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Fed in the Spotlight: All eyes will be on Janet Yellen this week as the Federal Open Market Committee meets. With the "new dot plot" expected, we should get a clearer view about whether the Fed still expects four rate hikes this year. Some Fed officials stress treading with caution, arguing risk is minimal if they move slowly. “We may well at present be seeing the first stirrings of an increase in the inflation rate,” Stanley Fischer, the Fed’s vice chairman, said last week. After the December rate hike, puindits expected the next raise would occur this week, but in the interim markets started to gyrate and it unlikely the Fed will move this week. Analysts, though, expect signals that rate increases will resume in April or June.

Meanwhile, the U.S. bond market is preparing for a rate hike. Traders as recent as last month were certain the Fed would refrain from raising the rate this year, but some arenow bracing for at least one increase before year’s end. Based on interest-rate futures last Friday, the odds of an increase by June spiked to 43% and to 75% for a hike by December, a sharp contrast to February when the market estimated no chance of a rate increase in either month. The Fed’s meeting this week comes after the Bank of Japan earlier this year adopted a negative interest rate and the European Central Bank last week cut its main rate to zero from 0.05%. New York Times, Wall Street Journal

Puerto Rico Bail Out? A movement is afoot for the United State to bail out Puerto Rico from its financial woes. The Obama administration wants what it calls a “super Chapter 9” law that allows for a broad restructuring of the commonwealth’s $70 billion debt. This, after a congressional representative of the commonwealth last July introduced a bill in the U.S. House to give the island access to chapter 9 of the U.S. bankruptcy code, on the grounds that its public corporations and municipalities shouldn’t be excluded from protections afford to similar entities in the 50 states. This idea is a good political call but bad for virtually everyone else, the Wall Street Journal opines. Whether Puerto Rico can make good on its debts is doubtful, considering that financial statements for fiscal year 2014 still don’t exist. The commonwealth is more than 300 days past the filing deadline for that year, Ricardo Rossell-, who is competing for the New Progressive Party nomination for governor, wrote in a March 1 letter to Senate Finance Committee Chairman Orrin Hatch. The Journal notes if Puerto Rico can claim bankruptcy, some states will clamor for the same privilege. The governors of some states, from New Mexico to Alabama to Maine, believe they will pay the price for such unprecedented bankruptcy authority with higher borrowing costs and eroded investor confidence. What’s needed instead, the paper says, is an independent oversight authority, an audit and the opportunity for bondholders to negotiate, putting pressure on Puerto Rico’s political class to live within its means. New York Times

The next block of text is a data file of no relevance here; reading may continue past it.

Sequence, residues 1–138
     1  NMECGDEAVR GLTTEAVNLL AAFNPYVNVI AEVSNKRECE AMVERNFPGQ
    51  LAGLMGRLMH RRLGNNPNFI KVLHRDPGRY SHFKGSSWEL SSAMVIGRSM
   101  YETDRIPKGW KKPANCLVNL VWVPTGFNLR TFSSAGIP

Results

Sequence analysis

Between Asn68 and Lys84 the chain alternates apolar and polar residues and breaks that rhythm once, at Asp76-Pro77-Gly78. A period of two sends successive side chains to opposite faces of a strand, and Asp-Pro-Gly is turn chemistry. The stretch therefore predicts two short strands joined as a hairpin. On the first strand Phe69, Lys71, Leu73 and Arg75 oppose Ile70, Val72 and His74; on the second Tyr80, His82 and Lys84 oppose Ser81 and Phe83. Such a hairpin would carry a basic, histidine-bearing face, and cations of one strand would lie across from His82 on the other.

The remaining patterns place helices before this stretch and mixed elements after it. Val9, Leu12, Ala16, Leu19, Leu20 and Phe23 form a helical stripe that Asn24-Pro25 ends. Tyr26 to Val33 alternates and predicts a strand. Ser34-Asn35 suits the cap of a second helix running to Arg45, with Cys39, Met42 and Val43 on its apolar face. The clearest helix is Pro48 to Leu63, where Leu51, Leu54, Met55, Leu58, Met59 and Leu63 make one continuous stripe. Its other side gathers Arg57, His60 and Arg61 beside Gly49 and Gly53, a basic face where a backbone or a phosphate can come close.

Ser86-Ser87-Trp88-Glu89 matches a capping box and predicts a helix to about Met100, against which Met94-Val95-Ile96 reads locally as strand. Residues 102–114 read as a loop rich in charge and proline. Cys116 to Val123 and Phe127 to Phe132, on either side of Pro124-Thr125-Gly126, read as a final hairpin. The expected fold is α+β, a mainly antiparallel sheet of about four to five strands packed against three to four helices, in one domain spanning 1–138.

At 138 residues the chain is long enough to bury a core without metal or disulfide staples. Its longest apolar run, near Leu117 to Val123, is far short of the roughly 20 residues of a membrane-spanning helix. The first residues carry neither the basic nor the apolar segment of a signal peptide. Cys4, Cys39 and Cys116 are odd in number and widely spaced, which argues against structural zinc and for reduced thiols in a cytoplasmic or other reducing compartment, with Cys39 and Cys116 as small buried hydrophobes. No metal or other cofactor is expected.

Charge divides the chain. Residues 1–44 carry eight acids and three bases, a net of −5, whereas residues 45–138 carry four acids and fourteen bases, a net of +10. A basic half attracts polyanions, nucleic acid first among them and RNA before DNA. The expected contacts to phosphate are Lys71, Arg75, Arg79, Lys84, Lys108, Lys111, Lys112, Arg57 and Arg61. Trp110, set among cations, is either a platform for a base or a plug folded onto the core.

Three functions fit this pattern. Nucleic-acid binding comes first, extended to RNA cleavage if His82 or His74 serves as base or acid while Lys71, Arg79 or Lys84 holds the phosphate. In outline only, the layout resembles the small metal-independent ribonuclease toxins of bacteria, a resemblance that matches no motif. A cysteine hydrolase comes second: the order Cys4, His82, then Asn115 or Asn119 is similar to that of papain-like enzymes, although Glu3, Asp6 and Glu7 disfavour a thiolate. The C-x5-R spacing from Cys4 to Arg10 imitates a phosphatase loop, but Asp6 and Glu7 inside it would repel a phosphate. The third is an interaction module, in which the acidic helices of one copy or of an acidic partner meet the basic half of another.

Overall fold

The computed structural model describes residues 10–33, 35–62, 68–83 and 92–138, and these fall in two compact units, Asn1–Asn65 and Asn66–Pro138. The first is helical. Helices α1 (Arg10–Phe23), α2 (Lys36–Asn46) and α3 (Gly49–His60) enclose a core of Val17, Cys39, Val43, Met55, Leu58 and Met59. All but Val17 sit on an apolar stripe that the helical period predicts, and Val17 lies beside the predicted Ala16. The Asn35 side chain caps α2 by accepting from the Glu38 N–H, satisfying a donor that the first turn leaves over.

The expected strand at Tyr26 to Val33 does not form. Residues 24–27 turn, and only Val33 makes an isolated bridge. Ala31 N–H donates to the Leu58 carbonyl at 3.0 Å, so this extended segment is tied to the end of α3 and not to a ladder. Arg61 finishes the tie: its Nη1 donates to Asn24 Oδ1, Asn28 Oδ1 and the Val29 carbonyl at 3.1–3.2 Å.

Financial Times

Banks and other financial institutions in Europe continue to make changes to recruitment, training, pay and supervision to combat human error. After the crisis, the industry tried to stem a wave of operational problems largely driven by human error that included manipulation of foreign exchange rates and improper selling of retail and small business products. The effort to clean things up, spurred by regulatory pressure, has led some companies to step up training to feature general risk awareness courses and certification. Some have introduced mandatory online training that covers how staff is expected to behave toward customers and how to identify wrongdoing. Risk issues figure more prominently in recruitment interviews. Others have changed pay and reward systems that, some believe, encouraged unnecessary risk taking.

The European Union has capped bonuses at 100% of salary, or 200% with shareholder approval. For staff earning higher salaries, bonuses have been deferred and more are paid in shares instead of cash. Other banks have changed the criteria for awarding bonuses from sales to customer satisfaction. In the U.K., rules now allow banks to claw back top managers’ bonuses for up to 10 years.

New York Times

China is testing a program that allows banks with bad loans to sell that debt to investors.

Zhou Xiaochuan, the governor of the People’s Bank of China, and Pan Gongsheng, a deputy central bank governor, said that under the proposal the bad debt would be sold to institutional investors, rather than have banks hold the bad debt to free up capital for new business. Some experts are skeptical, saying this could help banks to temporarily shore up their balance sheets but could cause greater difficulties in the long run.

Zhou and Pan vow to take measures, monitored closely by regulators, to ensure that these efforts keep from creating the factors that were largely responsible for the global financial crises of 2008. The pilot includes a small numbers of major financial institutions and excludes mom-and-pop investors. Economists say many Chinese banks, in a practice known as “extend and pretend,” fail to force companies to pay back loans or restructure, raising concerns that its biggest banks may hold a substantial number of bad loans. Meanwhile, China’s total debt stands at 2.5 years’ economic output, much of it corporate debt, as the country’s economic performance has hit its slowest rate in 25 years.

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